Blog Home
Written By
April 08, 2013

Why Customer Personas Make Your Life Easier

April 08, 2013

I recently got engaged to an amazing gal and it got me thinking a lot about content marketing (side note: I'm also the master at segues). Let me explain…

My fiancé Lauren and I are in full-blown research-to-buy mode for the wedding and honeymoon. We're talking to married folks, gathering opinions and online looking at everything under the sun that has to do with weddings. So we're looking, making calls, looking again, making calls, looking again, unofficially scheduling, looking one more time and then maybe officially booking places, people and things for our wedding and honeymoon. 

Lauren and I buy completely differently. She's ready to lock things in and get the train moving. I have a hard time deciding which bread I want to buy at the grocery store if I haven't done my proper research.

types of bread to buy at the grocery store


Our buying cycles are completely different - even when we're looking at the same thing. It made me think about things like buying cycles vs. sales cycles and how often they don't really align if we're to judge based off of content marketing we see coming from companies.

For example: if we liked a venue for the wedding because of some photos we saw online, went to the venue's website and called for more information, should that venue assume that we both need the same information in order to buy?

We're different personas - so the answer is "no." But that's what we see so often with companies and their content strategies. They produce information and collateral based on demographics - not personas, personalities or buying behavior.

I recently read "Managing Content Marketing" by Robert Rose and Joe Pulizzi. Something that's stuck with me since reading is when they're talking about buying and selling cycles and they say "no one cares about your product or service. All your customers care about is themselves." Wow! That might sound a little harsh, but I think it's true. I don't care about one wedding venue from the next - what I care about is making sure my wife is happy with her wedding. The products should fit each of our personas so well that the products sell themselves.

And everyone's different. Like I said, personas buy differently from each other. Lauren and I are in the same demographics, but we've got completely different buying personas.


Here's what You Do...

So as content marketers, we need to start mapping out personas. Ideally, map out every distinct type of person who buys from you. You might only have one persona who buys from you (probably not), or you might have 5-10. Mapping out personas for all of your distinct buyers does 2 things -

  1. it lets you know who you're selling to
  2. it forces you to think about the different types of content buyers need in order to make a decision.

Just because you've got a linear sales cycle doesn't mean all of your personas fall into linear buckets. People like me, while I might be a qualified lead, will go research again and again, make a call, and then compare you against another finalist, then more research until I'm convinced that I'm making the right choice. That requires you to give me different kinds of content than the guy who doesn't need as much time as I do.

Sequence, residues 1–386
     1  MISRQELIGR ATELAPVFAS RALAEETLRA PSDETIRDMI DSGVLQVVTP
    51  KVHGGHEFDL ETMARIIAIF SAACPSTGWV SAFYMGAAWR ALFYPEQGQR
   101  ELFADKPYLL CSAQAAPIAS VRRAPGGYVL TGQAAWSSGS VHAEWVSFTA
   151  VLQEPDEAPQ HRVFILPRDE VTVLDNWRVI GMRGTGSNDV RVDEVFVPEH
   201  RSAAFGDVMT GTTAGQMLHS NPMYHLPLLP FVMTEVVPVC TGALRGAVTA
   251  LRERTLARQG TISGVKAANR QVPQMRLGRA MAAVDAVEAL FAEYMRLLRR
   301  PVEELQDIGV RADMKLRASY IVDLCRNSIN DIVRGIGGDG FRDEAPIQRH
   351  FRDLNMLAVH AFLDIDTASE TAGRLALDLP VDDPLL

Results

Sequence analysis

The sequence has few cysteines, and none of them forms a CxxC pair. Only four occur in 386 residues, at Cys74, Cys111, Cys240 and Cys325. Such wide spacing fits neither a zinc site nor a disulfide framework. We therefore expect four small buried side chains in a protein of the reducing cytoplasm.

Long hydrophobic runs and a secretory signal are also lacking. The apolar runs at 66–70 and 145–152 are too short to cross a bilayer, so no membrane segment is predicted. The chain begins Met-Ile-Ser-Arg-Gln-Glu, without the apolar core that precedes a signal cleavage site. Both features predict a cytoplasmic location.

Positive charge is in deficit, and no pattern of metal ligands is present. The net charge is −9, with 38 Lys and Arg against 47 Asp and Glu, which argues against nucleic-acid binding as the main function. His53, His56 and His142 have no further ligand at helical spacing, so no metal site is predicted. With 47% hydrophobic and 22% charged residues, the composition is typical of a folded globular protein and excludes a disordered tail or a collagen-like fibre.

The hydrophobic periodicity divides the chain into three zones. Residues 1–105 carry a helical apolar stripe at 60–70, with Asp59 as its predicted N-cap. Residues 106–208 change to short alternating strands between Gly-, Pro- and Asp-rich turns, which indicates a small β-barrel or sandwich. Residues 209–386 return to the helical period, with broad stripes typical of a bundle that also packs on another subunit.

The next step is to take the personas you have and frame a buying process around each one. How do they buy? What do they need to make a decision? Will they do more research once you've given it to them? If so, what content can you give them to help them do that? What do you have for the people who are simply aware of you, but not necessarily qualified leads yet? Start asking and answering these questions (and more) for each persona you map out. 

It's no secret - this is a nurturing at its core. Pulizzi and Rose call it an "Engagement Cycle" - determining what types of content are delivered throughout the buying cycle and your sales cycle. But it's essential and often overlooked!

Sales cycles are primarily the same. We have contacts, leads, qualified leads, finalists and contracts. There might be modifications but that's a pretty standard picture of a sales cycle. Buying cycles are all over the place. They're not linear. So we need to be able to provide different types of content to different personas as they enter into different phases of their buying cycle.

Sound complicated? It doesn't have to be. It'll take work to do this, but it doesn't have to be overwhelming and it will make your content marketing strategy a lot easier to understand! 


To Recap...

  1. Get a grip on your sales cycle first.
  2. Map out your customer personas.
  3. Walk through and document their possible buying processes.
  4. Align types of content you produce to those stages in their buying process (i.e. case studies that prove you're successful might only go to people who enter into a phase in their buying process where they've narrowed down their choices between you and a competitor. If you give it to them too early, then you might lose them because it's not what they need at that point).
  5. Deliver awesome content to personas when they most need it.

Piece of (wedding) cake!

Are you selling to demographics or personas? Have you discovered ways to map out an "engagement cycle" for your content marketing strategies? 


Related Posts